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St Austell Bay and Black Head headland
View from Carlyon Bay across St Austell Bay looking towards Black Head
Carlyon Bay Beach - geograph.org.uk - 295877
The beach in 2003
Partly demolished Cornwall Coliseum, Carlyon Bay - geograph.org.uk - 1212381
Partly demolished Cornwall Coliseum

Carlyon Bay (Cornish: Caryones, meaning forts) is a bay and a set of three beaches (Crinnis, Shorthorn and Polgaver) near St Austell on the south coast of Cornwall, England, United Kingdom. It is located approximately 2 miles (3 km) east of the town centre.

Between 1920 and the Second World War, Carlyon Bay was the site of the New Cornish Riviera Lido and large sports facilities. After the war it became known as the Cornish Leisure World. A large venue, the Cornwall Coliseum, opened in the 1950s, it hosted exhibitions, tennis tournaments and concerts by musicians, but lost its importance with the opening of the Plymouth Pavilions in 1991. The venue continued until early 2003 when only the Gossips nightclub remained open, until its closure too shortly after. The building stood, falling into disrepair, until demolition began in April 2015.

Since the 1990s there have been plans for development of homes and a resort complex.

The area surrounding the bay was a centre of the mining industry and is now a golf course. The South West Coast Path runs along the cliff top and across the golf course. The Cliff Head Hotel was established in 1934 and stood until its demolition in 2017. Carlyon Bay is also the site of the Carlyon Bay Hotel, which stands upon and over looks the cliff top with views of the bay.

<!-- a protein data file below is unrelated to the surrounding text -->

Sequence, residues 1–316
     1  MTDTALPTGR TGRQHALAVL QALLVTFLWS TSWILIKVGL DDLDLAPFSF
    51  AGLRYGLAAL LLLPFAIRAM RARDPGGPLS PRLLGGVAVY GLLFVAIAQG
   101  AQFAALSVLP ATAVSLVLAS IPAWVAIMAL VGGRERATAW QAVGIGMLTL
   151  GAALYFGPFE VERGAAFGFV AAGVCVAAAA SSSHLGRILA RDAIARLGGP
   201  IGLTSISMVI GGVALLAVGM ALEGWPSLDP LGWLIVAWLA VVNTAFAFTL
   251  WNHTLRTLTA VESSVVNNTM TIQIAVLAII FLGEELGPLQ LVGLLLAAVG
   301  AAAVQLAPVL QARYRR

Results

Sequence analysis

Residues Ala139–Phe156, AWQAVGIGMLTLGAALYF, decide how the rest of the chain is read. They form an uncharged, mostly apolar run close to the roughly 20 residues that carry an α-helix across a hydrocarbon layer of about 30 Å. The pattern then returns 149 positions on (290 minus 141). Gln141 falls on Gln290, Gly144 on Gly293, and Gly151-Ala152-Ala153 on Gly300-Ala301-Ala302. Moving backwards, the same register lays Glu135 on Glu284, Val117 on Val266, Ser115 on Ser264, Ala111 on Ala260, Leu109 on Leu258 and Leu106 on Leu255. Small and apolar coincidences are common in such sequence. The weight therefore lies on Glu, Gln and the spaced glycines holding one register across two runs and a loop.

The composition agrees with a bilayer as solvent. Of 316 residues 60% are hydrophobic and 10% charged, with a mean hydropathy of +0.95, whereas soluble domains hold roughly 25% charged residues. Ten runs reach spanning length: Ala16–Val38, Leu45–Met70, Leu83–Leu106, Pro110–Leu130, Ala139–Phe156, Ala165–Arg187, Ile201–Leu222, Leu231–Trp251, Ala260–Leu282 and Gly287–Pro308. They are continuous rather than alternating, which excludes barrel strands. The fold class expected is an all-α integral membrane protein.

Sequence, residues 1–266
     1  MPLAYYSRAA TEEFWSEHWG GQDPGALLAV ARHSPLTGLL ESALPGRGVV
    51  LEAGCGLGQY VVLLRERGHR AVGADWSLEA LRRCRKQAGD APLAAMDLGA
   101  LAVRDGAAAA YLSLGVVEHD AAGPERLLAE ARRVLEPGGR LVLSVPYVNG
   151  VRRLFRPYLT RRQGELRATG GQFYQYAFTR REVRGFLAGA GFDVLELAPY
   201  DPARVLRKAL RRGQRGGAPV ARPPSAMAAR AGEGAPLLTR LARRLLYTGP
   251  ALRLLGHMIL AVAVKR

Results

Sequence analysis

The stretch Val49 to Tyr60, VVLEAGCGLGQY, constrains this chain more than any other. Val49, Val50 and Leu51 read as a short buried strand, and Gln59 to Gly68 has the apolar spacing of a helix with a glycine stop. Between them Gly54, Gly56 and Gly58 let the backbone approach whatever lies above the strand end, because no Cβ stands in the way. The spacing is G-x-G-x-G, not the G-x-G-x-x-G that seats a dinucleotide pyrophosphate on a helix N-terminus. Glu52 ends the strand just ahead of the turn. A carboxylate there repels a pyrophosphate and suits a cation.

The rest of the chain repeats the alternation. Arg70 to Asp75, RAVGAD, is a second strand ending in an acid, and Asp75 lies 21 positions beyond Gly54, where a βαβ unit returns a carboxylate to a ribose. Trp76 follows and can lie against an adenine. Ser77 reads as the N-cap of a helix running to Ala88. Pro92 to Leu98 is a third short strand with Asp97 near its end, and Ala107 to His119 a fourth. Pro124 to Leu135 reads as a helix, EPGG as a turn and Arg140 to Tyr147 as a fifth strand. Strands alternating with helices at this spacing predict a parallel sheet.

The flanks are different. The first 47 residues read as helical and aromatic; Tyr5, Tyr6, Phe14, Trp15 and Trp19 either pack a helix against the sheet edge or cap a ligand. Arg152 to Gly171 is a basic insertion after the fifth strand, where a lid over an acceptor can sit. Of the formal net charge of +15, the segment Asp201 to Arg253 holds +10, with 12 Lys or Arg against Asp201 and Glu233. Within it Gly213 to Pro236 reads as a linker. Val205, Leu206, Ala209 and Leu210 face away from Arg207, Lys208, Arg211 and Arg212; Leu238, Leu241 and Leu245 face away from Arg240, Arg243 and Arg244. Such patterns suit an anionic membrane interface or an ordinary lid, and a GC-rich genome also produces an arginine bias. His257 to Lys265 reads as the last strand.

In 1979 a scene for the film Dracula was filmed at Carlyon Bay and in 1986 the music video for Is This Love? by Alison Moyet was filmed on the beach.

Redevelopment plans

The beach and its temporary reinforced sea wall - geograph.org.uk - 495307
View of Crinnis beach with the temporary sea wall.

The original 1990 planning permission for redevelopment into 500 homes was at first not realised, the main obstacle being the need for better sea defences.

In July 2011, Cornwall Council approved a new planning application for 500 luxury apartments and associated facilities. The private developers (originally Ampersand now called Commercial Estates Group) were planning to begin work on the new sea defences in late 2011 and on the apartments in spring 2012. However, plans were put on hold in December 2012 and construction had not started by August 2014. There has been a lot of local opposition to the developers. One point of contention is two public right of way through the site. At public enquiry in June 2014 Cornwall Council recognised the existence of the rights of way, CEG has exercised its right to appeal and decision now rests with the Secretary of State.

Another point of contention has been the sea defences. The original 1990 plans propose a large sea wall. Following local protests a public inquiry was held in 2006 which rejected the plans. A revised scheme was accepted in 2011 but construction has not yet started. Temporary sheet piling defences were installed in early 2000s without planning permission, the developers were asked to remove it in 2008 but they have remained until 2014. A planning application for temporary defences was rejected in November 2013 and in May 2014 Cornwall Council resolved to take enforcement action for the removal of the temporary wall.

Permission was granted in 2015 for a new housing & leisure development.

Geography and geology

Carlyon Bay is surrounded by low cliffs and is divided into three areas: Crinnis, Shorthorn and Polgaver. Much of the sand on the beach is actually waste material from the china clay industry known as "stent". Cornwall Wildlife Trust has identified Shorthorn Beach (the middle beach of the three) as a site of national importance.

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